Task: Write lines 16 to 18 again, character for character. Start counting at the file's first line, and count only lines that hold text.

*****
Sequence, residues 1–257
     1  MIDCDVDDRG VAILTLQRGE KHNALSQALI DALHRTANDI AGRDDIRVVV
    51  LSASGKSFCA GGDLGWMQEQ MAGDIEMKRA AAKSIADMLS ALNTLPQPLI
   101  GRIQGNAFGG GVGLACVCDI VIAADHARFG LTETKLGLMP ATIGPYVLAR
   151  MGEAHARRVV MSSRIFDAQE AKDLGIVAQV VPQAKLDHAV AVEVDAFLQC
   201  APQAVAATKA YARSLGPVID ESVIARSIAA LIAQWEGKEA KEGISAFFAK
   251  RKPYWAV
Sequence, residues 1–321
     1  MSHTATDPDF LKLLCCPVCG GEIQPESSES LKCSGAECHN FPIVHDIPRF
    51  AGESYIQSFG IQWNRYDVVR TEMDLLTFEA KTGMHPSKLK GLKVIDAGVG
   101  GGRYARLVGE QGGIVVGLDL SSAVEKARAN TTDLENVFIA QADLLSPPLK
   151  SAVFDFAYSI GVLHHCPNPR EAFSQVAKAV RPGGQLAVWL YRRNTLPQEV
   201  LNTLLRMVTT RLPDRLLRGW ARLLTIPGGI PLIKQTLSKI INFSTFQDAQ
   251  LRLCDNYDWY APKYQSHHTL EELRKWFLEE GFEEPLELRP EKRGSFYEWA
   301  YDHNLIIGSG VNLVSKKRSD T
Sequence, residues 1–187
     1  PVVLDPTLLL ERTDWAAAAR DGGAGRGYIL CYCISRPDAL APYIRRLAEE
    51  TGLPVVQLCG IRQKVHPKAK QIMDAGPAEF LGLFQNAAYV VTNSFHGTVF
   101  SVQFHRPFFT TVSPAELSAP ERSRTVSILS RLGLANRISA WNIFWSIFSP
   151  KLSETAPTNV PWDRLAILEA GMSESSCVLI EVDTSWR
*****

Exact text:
Sequence, residues 1–187
     1  PVVLDPTLLL ERTDWAAAAR DGGAGRGYIL CYCISRPDAL APYIRRLAEE
    51  TGLPVVQLCG IRQKVHPKAK QIMDAGPAEF LGLFQNAAYV VTNSFHGTVF